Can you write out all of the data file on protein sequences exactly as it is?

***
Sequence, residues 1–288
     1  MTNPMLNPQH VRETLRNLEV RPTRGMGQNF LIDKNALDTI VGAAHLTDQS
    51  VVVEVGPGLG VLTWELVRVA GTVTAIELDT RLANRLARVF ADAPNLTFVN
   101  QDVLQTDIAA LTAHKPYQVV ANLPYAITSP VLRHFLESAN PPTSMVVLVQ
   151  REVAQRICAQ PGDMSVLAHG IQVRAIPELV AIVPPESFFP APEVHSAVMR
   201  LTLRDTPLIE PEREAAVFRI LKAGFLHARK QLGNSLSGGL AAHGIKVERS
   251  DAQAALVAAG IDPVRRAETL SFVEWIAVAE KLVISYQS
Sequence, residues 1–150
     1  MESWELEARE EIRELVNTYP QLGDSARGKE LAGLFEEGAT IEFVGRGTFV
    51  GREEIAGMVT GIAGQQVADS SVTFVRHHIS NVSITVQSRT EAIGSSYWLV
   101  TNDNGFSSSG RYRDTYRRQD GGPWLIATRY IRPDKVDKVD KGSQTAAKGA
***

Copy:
Sequence, residues 1–288
     1  MTNPMLNPQH VRETLRNLEV RPTRGMGQNF LIDKNALDTI VGAAHLTDQS
    51  VVVEVGPGLG VLTWELVRVA GTVTAIELDT RLANRLARVF ADAPNLTFVN
   101  QDVLQTDIAA LTAHKPYQVV ANLPYAITSP VLRHFLESAN PPTSMVVLVQ
   151  REVAQRICAQ PGDMSVLAHG IQVRAIPELV AIVPPESFFP APEVHSAVMR
   201  LTLRDTPLIE PEREAAVFRI LKAGFLHARK QLGNSLSGGL AAHGIKVERS
   251  DAQAALVAAG IDPVRRAETL SFVEWIAVAE KLVISYQS
Sequence, residues 1–150
     1  MESWELEARE EIRELVNTYP QLGDSARGKE LAGLFEEGAT IEFVGRGTFV
    51  GREEIAGMVT GIAGQQVADS SVTFVRHHIS NVSITVQSRT EAIGSSYWLV
   101  TNDNGFSSSG RYRDTYRRQD GGPWLIATRY IRPDKVDKVD KGSQTAAKGA